That has been evident in these playoffs, in which Capela has gone toe-to-toe with traditional big men such as Karl-Anthony Towns and Rudy Gobert.
His impact was summed up in one word by Jazz Coach Quin Snyder after Game 4: “Significant.”
It will be the matchup against the Warriors, though, that will reveal his true value.
Houston is banking on Capela’s ability to switch out onto guards — and still get back to the rim — to allow him to stay on the court against the likes of Stephen Curry, Klay Thompson and Durant.
The 6-foot-10, 240-pound Capella showed flashes of what he can do against Utah — particularly in how he impacted Donovan Mitchell. During the regular season, the star rookie shot 58.7 percent within five feet of the basket and was blocked on 11.5 percent of his attempts. Against the Thunder in the first round, Mitchell shot 60 percent (39 for 65) from the same range and was blocked on 10.8 percent of his attempts.
But against Houston, Mitchell slipped to 54.5 percent (24 for 44). More importantly, he was blocked 10 times — 22.7 percent of the time. It became clear that got into Mitchell’s head, and he began forcing passes that became turnovers.
“We talk about it all the time,” Paul said. “There’s some things that happen throughout the game that don’t show up on the stat sheet. . . . I think Donovan saw Clint, and he tried to pass it, and it’s a steal. I got the steal. It doesn’t show up on the stat sheet [for Capela], so it shows how selfless Clint is.”
It was also a sign of the progress Capela has made over the past two years. He has steadily upped his minutes, from 23.9 per game during the regular season last year to 27.5 this year to 32.0 during the playoffs — including a career-high 37 in that Game 4 win over Utah. His improving physical condition and interest in learning have allowed him to improve significantly since D’Antoni took over and installed him as his starting center two years ago.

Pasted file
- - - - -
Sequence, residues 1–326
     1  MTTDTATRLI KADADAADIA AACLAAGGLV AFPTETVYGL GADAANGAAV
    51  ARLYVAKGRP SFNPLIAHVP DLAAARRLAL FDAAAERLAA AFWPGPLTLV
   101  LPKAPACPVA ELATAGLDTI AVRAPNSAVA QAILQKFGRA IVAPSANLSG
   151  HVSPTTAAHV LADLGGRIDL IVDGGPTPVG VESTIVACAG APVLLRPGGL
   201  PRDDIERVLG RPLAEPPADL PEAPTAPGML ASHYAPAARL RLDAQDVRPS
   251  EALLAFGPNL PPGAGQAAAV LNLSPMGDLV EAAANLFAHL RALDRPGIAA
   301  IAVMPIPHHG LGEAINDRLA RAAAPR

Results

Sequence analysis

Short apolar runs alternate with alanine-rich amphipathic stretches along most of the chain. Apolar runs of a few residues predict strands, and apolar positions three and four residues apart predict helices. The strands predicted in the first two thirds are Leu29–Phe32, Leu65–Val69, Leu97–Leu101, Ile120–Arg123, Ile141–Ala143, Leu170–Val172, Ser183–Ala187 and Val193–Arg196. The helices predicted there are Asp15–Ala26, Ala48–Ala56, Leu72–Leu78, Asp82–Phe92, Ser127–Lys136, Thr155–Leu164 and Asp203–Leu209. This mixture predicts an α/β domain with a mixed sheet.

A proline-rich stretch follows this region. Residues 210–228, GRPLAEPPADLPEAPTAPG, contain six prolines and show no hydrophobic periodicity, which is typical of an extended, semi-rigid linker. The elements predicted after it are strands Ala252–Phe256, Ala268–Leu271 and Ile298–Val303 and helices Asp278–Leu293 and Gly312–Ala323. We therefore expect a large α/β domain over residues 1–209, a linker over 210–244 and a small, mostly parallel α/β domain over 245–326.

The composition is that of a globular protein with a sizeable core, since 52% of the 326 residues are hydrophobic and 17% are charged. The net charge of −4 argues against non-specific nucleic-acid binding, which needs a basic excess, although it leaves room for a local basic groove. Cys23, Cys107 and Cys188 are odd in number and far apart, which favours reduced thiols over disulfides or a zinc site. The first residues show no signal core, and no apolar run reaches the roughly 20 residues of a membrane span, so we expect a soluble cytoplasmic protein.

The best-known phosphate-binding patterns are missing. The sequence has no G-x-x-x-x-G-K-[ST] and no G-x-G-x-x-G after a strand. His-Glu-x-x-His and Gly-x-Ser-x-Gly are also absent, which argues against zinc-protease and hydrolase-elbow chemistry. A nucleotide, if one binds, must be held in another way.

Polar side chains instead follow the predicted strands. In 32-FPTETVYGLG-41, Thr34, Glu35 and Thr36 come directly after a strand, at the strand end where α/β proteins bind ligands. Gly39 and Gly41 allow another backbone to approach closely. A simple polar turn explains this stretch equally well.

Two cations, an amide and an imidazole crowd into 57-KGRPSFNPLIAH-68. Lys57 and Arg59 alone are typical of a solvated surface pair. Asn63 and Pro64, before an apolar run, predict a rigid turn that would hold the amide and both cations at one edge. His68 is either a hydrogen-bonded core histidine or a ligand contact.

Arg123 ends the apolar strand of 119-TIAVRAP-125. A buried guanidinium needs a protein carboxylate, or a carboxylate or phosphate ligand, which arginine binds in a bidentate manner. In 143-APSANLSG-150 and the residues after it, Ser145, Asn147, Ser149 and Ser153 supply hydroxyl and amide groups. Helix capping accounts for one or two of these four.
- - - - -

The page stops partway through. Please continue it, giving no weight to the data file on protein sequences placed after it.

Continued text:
“He’s an extremely bright kid, and he studies the game,” Rogers said. “Good or bad, regardless of what other clips I show him, he’s always in tune. He’s just like a sponge.
“Now it’s so fun that we watch film on small guys. Because we’re saying, ‘Clint, you got to know how to guard everybody. You got to know how to guard Donovan Mitchell, [Joe] Ingles, Gobert. You got to know their strengths and weaknesses.’ ”
It’s one thing to switch onto a rookie — even a supremely talented one such as Mitchell — and stop an offensively challenged team (sorry, Jazz). It’s quite another to wind up on Curry, Thompson or Durant and slow the NBA’s most devastating offense.
That’s Capela’s assignment. With Capela on the floor, the frightening pick and roll he has formed with Harden remains a weapon; Green will have to try to body up a far bigger man. With him on the bench, Houston becomes another team trying to play small against a team that has perfected it.
The Rockets believe Capela is up for the task.
“I know how hard he works,” Harden said. “He works his butt off every single day. He’s playing extremely well. His numbers are showing it. What he’s doing on the court is showing it. He deserves it. The encouragement I would give to him is to keep going, keep being who you are and great things will happen.”